(originally posted on theCORgroup: Conscious Outdoor Recreation)
“A federal judge ruled Monday that the Bush administration’s plan to allow more than 500 snowmobiles a day into Yellowstone and Grand Teton National Parks was not in keeping with the National Park Service’s responsibility to protect the parks.”
The New York Times goes on to report that the judge contended “park planners had failed to reconcile their mission to protect the parks’ environment with the increase in air pollution, the disturbance to wildlife and the impact on visitors that the snowmobiles would bring.”
Environmentalist applauded this ruling, but I worry that the question of access is more nuanced, and we need to have a more serious discussion about what our parks and protected area mean to us ecologically, culturally, and recreationally, and what constitutes appropriate use.
Here is an example from a different perspective: American Whitewater is a paddler advocacy group that “restores rivers dewatered by hydropower dams, eliminates water degradation, improves public land management and protects public access to rivers for responsible recreational use.” They historically have been very successful in forging partnerships with other stakeholders to mutual benefit. However American Whitewater finds itself embroiled in a conflict over the Wild & Scenic Chattooga River. Many rivers with Wild & Scenic designation are open to paddlers; canoeists and kayakers are generally considered legitimate backcountry users, akin to hikers and fishers. In public comment on paddler access to the Upper Chattooga, creek boating was compared to mountain biking, adventure sports at odds with wilderness values, and ATV’s on hiking trails.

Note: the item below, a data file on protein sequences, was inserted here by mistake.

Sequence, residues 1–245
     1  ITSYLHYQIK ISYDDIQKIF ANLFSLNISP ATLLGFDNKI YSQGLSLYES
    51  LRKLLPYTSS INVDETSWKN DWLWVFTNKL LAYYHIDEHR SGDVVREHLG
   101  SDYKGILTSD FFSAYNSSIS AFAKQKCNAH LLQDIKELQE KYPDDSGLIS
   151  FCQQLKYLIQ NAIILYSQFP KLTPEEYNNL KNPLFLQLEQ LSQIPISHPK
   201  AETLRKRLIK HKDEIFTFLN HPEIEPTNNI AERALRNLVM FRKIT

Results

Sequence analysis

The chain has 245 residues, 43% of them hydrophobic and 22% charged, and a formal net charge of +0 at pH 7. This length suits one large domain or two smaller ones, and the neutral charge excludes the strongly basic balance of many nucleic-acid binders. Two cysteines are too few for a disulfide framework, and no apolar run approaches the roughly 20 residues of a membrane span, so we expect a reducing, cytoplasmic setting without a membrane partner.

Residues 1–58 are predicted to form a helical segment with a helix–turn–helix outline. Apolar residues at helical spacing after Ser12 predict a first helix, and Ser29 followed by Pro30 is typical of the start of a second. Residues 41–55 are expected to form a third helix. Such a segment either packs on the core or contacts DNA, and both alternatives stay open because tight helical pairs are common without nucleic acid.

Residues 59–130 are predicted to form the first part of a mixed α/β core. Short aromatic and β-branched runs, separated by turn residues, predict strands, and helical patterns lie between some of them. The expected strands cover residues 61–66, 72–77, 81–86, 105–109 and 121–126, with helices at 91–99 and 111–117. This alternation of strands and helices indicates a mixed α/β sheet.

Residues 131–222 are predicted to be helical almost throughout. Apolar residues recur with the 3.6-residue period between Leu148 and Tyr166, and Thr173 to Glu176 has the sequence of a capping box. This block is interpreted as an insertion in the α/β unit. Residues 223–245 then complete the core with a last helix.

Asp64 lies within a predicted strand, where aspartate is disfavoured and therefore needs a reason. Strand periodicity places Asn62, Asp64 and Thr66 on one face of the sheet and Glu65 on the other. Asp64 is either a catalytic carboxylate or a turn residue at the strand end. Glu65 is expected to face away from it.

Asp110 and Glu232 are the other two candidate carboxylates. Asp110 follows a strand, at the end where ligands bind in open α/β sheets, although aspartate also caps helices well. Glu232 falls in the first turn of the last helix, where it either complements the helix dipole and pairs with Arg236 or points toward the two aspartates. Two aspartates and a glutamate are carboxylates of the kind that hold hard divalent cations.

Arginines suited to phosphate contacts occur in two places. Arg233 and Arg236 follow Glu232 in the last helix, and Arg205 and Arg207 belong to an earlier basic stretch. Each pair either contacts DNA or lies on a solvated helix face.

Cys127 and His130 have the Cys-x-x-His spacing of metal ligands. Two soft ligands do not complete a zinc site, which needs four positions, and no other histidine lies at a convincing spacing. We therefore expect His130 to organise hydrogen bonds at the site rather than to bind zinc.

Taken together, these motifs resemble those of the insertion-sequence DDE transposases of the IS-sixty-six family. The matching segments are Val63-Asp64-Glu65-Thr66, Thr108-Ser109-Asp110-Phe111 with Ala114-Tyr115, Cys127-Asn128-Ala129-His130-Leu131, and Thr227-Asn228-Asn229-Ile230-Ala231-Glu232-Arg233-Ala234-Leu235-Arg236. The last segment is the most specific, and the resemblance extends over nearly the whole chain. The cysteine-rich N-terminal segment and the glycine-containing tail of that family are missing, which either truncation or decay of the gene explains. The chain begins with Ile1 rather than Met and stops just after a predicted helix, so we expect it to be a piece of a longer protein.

I agree that there are activities that are fundamentally incompatible with our wilderness values, and should be limited in parks and protected areas. The trouble with these debates is that our wilderness values remain undefined. ‘Wilderness values’ are interpreted by user groups to further political agendas and to exclude other users. Proponents of ‘silent sports’ are quick to fight the expansion of motorized transportation in protected areas, but without a comprehensive examination of our wilderness values – as enunciated by government agencies and the user groups – we risk more political maneuvering and inconsistent policy decisions.
The National Park Service has the mission to preserve “unimpaired the natural and cultural resources and values of the national park system for the enjoyment, education, and inspiration of this and future generations.” Balancing access and preservation is no easy task, but without examining what our ‘wilderness values’ really mean to us, it seems impossible.